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Book Review: All for You by Louise Jensen

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Louise Jensen is by now a fairly well-known author in the psychological thriller/domestic noir thriller genre but I think this was her first book I read. It is about a family of four, Ellen the mother an orthopaedic surgeon who is currently not working, Aidan the father a vet and the two boys Connor and Kieron. Kieron has some rare possibly terminal disease while Connor is a sensitive 17 years old. In the picture, there are also two of Connor’s good friends: Ryan and Tyler. We know that something happened to Connor’s girlfriend Hailey’s but we don’t know what. First Tyler then Ryan disappear and everyone fears that Connor might be the next as the three were always together and they were together the night something happened to Hailey.

Connor disappears as well but it is not what it seems. It’s a complex thriller with several punchy twists, I couldn’t work out who could be the kidnapper and the ending was genuinely surprising although a bit far fetched and very dark. You can tell that Jensen is a bit more accomplished in writing thrilling plots than other authors. Overall it took me a while to get into this book but then I was engrossed in it and read it late at night. I would recommend it to anyone who likes a good mystery with lots of family secrets. I was given a free copy of this book by NetGalley, in exchange for an honest review.

This book will be out in October but you can pre-order it now. 

All For You: don’t miss the next thrilling and shocking psychological thriller from best selling author of The Date and The Sister in 2021!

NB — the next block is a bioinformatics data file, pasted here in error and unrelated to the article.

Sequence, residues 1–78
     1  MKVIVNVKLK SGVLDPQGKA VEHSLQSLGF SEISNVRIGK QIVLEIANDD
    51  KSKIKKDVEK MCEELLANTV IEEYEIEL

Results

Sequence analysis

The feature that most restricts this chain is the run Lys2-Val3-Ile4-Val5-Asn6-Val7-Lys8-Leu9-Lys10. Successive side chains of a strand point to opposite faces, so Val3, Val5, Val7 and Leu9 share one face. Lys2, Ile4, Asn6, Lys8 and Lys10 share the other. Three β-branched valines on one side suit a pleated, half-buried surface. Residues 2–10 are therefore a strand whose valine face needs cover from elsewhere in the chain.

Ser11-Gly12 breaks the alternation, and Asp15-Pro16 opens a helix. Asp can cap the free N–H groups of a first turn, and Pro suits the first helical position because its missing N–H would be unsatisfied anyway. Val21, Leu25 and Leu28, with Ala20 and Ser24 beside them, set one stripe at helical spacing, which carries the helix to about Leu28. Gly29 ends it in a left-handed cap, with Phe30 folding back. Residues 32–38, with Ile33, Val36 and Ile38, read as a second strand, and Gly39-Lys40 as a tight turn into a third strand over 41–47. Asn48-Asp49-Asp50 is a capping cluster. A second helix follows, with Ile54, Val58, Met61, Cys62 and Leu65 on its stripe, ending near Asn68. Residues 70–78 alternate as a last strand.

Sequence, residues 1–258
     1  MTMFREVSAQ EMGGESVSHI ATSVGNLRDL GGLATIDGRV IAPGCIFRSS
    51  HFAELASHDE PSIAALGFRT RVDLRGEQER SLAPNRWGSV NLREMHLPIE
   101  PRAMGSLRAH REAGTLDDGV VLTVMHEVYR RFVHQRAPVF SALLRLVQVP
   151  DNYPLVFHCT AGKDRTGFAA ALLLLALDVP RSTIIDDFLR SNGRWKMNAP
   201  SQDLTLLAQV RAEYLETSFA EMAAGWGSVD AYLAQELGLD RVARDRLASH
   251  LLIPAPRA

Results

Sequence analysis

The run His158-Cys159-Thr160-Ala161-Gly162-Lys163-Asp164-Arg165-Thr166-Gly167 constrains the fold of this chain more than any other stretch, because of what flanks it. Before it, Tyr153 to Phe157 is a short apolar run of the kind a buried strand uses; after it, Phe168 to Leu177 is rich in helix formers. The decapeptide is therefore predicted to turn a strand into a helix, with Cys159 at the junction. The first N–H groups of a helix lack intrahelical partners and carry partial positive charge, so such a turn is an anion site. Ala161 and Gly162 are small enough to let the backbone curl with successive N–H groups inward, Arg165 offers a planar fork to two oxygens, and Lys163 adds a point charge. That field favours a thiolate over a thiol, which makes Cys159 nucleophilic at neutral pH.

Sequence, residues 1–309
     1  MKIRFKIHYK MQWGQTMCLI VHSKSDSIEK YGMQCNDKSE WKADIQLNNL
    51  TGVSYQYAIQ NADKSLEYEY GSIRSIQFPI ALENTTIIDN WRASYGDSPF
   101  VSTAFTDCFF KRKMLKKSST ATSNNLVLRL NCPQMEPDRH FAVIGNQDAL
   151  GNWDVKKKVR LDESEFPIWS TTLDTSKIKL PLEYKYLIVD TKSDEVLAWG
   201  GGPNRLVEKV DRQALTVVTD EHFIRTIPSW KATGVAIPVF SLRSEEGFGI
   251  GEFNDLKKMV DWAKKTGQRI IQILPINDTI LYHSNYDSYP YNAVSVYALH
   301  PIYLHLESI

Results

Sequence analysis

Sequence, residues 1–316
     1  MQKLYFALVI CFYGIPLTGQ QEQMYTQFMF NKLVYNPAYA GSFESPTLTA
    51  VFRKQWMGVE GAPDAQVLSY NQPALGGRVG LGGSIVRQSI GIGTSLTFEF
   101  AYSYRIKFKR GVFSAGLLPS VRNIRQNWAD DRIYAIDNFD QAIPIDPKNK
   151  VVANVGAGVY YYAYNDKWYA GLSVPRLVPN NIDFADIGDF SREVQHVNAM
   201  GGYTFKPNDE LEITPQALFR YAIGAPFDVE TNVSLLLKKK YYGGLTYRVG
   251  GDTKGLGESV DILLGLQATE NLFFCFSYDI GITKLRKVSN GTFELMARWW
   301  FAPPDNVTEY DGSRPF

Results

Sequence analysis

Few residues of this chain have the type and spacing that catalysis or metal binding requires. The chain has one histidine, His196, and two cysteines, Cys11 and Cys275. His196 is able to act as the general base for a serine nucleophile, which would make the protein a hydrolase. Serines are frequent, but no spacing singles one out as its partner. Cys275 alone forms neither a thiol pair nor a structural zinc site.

• Amazon Kindle Edition
  • Jensen, Louise (Author)
  • English (Publication Language)
  • 384 Pages - 10/28/2021 (Publication Date) - HQ (Publisher)

Worked in many sectors including recruitment and marketing. Lucky to have found a soulmate who was then taken far too soon. No intention of moving on and definitely not moving to Thailand for the foreseeable future. Might move forward. Owned by a cat.

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Books

Keeping Up Appearances; from Hyacinth Bucket to Eleanor Rigby

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Keeping Up Appearances was a British sitcom that ran on BBC television from 1990 – 1995. It featured a woman called Hyacinth Bucket, which she insisted was pronounced Bouquet. The humour lay in watching her attempts at social climbing. She lived to impress her unfortunate neighbours, who tried to avoid her! 
Coincidentally, at that time, I was in contact with relatives, who erroneously insisted on a French pronunciation of their surname, and were oblivious to their ridiculous behaviour.
 
While the programme was enjoyed for its comedic effect, some people in real life struggle to keep up appearances and it is no laughing matter. People who have social status, such as by being a home owner, but lack actual income, are said to be in genteel poverty. This leads to reduced  spending and failing to replace things that are broken. By keeping up appearances, others are not aware of the true state of affairs.
 
 
The March family in the novel Little Women, by Louisa M Alcott, are an example of genteel poverty. They gave up their Christmas dinner to take to a family, who were in absolute poverty. Today, people who have very little themselves, may leave an item to be collected for the food bank, on their way out of the supermarket.
 
Another sort of keeping up appearances, is the disguising of emotions. This may extend to hiding actual physical or mental abuse. Victims of controlling behaviour may show no sign to the outside world, suffering at home in silence.